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Rick Osborne Delivers his Message of the Dangers of Drugs and Gangs to Sudbury Catholic

At a special presentation to Sudbury Catholic Trustees , Osborne spoke of the power of giving children a hands-on example of what can happen with drugs, gang and violence, without romanticizing his experiences.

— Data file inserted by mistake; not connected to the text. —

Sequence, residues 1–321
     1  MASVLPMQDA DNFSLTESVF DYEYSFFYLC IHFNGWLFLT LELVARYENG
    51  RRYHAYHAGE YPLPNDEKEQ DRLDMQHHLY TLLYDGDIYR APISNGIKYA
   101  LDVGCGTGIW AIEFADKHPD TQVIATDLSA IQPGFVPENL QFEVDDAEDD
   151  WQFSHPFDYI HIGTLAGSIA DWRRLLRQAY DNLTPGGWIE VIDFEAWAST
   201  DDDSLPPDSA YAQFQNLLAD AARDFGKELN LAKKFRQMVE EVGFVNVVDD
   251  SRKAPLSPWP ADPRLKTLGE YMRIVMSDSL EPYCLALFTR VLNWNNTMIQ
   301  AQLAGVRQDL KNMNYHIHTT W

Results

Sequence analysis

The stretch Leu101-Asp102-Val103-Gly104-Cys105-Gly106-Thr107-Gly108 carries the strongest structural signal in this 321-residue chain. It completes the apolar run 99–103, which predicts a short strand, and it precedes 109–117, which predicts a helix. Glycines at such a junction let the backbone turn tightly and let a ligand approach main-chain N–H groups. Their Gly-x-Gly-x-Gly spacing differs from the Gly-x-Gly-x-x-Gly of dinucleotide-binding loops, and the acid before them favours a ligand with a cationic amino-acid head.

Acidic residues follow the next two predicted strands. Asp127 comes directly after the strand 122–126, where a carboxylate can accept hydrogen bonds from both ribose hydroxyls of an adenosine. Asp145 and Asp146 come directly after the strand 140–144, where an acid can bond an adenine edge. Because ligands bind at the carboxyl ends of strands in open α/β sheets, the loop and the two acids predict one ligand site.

September 22, 2010 - When Rick Osborne was fourteen years old, he didn’t realize how much his life would change by connecting with the wrong people. After being bullied, Osborne decided to befriend people who tore his life apart. At this very young age, he was introduced to drugs and this turned into years of violence, crime and gangs. After making Canada’s Most Wanted List at the age of twenty and landing in jail at twenty-one for robbery and weapons charges, Osborne knew he was at a cross-roads in his life. Even upon his first release, he landed back in jail after six weeks. When back in, he contemplated suicide, but made the decision to not take his own life – even if it meant dying at the hands of another inmate. Osborne eventually began to turn his life around – entering rehab and then getting his first university degree while still incarcerated. After leaving prison a decade ago, he decided to dedicate the rest of his life to talking to children and youth about the dangers of gangs, drugs and criminal activity. “Ozzy’s Garage” is a program in which Osborne works with disengaged youth in communities by inviting them to join him on a build whether it be a motorcycle or hotrod. This past summer, he was invited by the Sudbury Regional Police to partner with them on a bike build that took place at St. Albert Adult Learning Centre. Young adults were invited to the build where they met daily to assemble a brand new motorcycle. “It is not even about building the bike,” Osborne said. “That just gets them in the door. It is about the relationship building to breakdown barriers and then the conversations that begin to repair what is damaged, that is what is important.” At a special presentation to Sudbury Catholic Trustees on September twenty-first, Osborne spoke of the power of giving children a hands-on example of what can happen without romanticizing his experiences. “It always starts by just talking with kids, and then, once they feel comfortable, great conversations start from there.” Osborne will be visiting several Sudbury Catholic Schools over the next few days to continue to educate students on the real life dangers of drugs, gangs and violence.



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